Verse 19. - For he hath looked down from the height of his sanctuary. God's true sanctuary is the heaven of heavens wherein he dwells. Earthly sanctuaries are but shadows of this. From heaven did the Lord behold the earth (comp. Exodus 2:23-25). As God in the days of old had looked down on the affliction of his people in Egypt, so did he now "look down" and "behold" their sufferings in Babylon.
To hear the groaning of the prisoner; to loose those that are appointed to death;
Verse 20. - To hear the groaning of the prisoner (see Exodus 2:24, "God heard their groaning;" and comp. Exodus 3:7; Exodus 6:5). To loose those that are appointed to death; literally, the sons of death (comp. Psalm 79:11). Captive Israel regarded its life in Babylon as little better than death (see Ezekiel 37:11).
To declare the name of the LORD in Zion, and his praise in Jerusalem;
Verse 21. - To declare the Name of the Lord in Zion; rather, as in the Revised Version, that men may declare. The great object of Israel's restoration was the glory of God - that Jew and heathen, joined together in one, might unitedly bless God, and praise his glorious Name. The complete fulfilment was, of course, only after the coming of Christ. And his praise in Jerusalem. Especially in the "new Jerusalem" (see the comment on ver. 15).
When the people are gathered together, and the kingdoms, to serve the LORD.
Verse 22. - When the people (rather, the peoples) are gathered together, and the kingdoms, to serve the Lord (comp. Psalm 22:27; Psalm 68:29-32; Isaiah 49:6, 7, 18, etc).
He weakened my strength in the way; he shortened my days.
Verses 23-28. - The third strophe begins with an acknowledgment of weakness - a sort of "renewed complaint" (Hengstenberg). But from this there is an ascent to a higher confidence than any displayed previously - a confidence that God, who is everlasting (vers. 24-27), will perpetually protect his people, and, whatever becomes of the existing generation, will establish their seed before him forever (ver. 28). Verse 23. - He weakened my strength in the way. The reading "my strength" (כחי) is greatly to be preferred to that of "his strength" (כחו), which cannot be made to yield a tolerable meaning. It is judiciously adopted by Professor Cheyne, who translates, "He has brought down my strength in the way," and explains "the way" as "the journey of life." So also Rosenmuller and Hengstenberg. He shortened my days; i.e. "made me grow old prematurely" (comp. ver.] 1).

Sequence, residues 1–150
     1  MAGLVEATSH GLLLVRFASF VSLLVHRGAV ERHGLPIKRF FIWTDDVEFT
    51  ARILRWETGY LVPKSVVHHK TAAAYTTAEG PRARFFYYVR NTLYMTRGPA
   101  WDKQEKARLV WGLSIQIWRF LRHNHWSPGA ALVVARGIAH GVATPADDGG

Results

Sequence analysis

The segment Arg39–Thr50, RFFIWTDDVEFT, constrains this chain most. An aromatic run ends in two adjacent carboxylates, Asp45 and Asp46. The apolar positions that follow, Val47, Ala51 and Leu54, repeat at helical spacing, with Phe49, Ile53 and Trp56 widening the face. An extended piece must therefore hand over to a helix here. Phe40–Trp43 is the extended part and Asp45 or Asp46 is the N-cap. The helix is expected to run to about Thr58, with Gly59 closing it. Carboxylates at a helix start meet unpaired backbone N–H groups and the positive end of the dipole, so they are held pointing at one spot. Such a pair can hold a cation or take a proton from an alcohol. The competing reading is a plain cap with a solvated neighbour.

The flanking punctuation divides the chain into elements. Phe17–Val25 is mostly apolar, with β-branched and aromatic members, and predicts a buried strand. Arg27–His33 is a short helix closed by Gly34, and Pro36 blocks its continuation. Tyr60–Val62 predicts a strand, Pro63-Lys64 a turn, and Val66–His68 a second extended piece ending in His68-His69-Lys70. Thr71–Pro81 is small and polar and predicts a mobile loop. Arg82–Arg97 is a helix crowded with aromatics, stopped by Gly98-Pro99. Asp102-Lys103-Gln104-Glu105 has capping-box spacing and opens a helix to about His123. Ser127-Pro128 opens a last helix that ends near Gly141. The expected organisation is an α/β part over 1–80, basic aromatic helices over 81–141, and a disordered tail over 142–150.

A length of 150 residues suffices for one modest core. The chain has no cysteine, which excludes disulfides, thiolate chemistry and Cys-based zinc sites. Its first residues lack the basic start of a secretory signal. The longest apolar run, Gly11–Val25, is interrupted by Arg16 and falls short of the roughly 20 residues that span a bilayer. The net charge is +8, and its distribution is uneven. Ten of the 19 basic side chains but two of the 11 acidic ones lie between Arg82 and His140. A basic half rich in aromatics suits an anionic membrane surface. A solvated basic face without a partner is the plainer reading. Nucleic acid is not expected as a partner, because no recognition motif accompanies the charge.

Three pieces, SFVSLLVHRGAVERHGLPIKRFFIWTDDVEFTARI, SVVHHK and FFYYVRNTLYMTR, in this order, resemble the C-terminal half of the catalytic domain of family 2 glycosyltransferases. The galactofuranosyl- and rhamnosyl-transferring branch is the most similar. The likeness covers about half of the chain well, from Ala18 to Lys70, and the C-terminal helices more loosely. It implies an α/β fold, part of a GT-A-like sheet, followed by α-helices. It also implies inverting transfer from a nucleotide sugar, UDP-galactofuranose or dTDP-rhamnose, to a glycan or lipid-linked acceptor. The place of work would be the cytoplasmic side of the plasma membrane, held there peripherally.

I said, O my God, take me not away in the midst of my days: thy years are throughout all generations.
Verse 24. - I said, O my God, take me not away in the midst of my days. Compare the complaint of Hezekiah (Isaiah 38:10). A pious Israelite regarded himself as entitled to a fairly long life, which was promised him directly (Exodus 20:12) and by implication, since it was only the wicked that were "not to live out half their days" (Psalm 55:23). Thy years are throughout all generations. Dathe and Professor Cheyne translate, "O thou, whose years are eternal." But the Hebrew will scarcely admit of this rendering.
Of old hast thou laid the foundation of the earth: and the heavens are the work of thy hands.
Verse 25. - Of old hast thou laid the foundation of the earth (comp. Isaiah 48:13). And the heavens are the work of thy hands (see Genesis 1:1, 7; Genesis 2:4; Psalm 89:11; Hebrews 1:10).
They shall perish, but thou shalt endure: yea, all of them shall wax old like a garment; as a vesture shalt thou change them, and they shall be changed:
Verse 26. - They shall perish. The coming destruction of the world that now is, is very frequently declared in Holy Scripture (see Isaiah 51:6; Isaiah 65:17; Matthew 24:35; Mark 13:31; Luke 21:33; 2 Peter 3:7, 10, 12). But thou shalt endure. With the perishable nature of the whole material creation, the psalmist contrasts the absolute eternity of God (comp. ver. 12; also Psalm 9:7; Hebrews 1:11). Yea, all of them shall wax old like a garment (comp. Isaiah 51:6). As a vesture shalt thou change them, and they shall be changed. Compare the prophecies of "a new heaven and a new earth" (Isaiah 55:17; 66:22; 2 Peter 3:13; Revelation 21:1).
But thou art the same, and thy years shall have no end.
Verse 27. - But thou art the same; literally, but thou art HE (comp. Isaiah 44:4; Isaiah 46:4); i.e. "thou art the one eternal and unchangeable existence - the one reality." And thy years shall have no end. It is by an accommodation to human modes of thought that God's "years" are spoken cf. An eternal existence is a unity - not made up of years and days.
The children of thy servants shall continue, and their seed shall be established before thee.
Verse 28. - The children of thy servants shall continue. "The nation descended from those who served thee of old shall continue," or, "abide" - i.e. not only continue to exist, but have a permanent abid-ing-place (comp. Psalm 37:39; Psalm 69:36). And their seed shall be established before thee (comp. Jeremiah 30:20).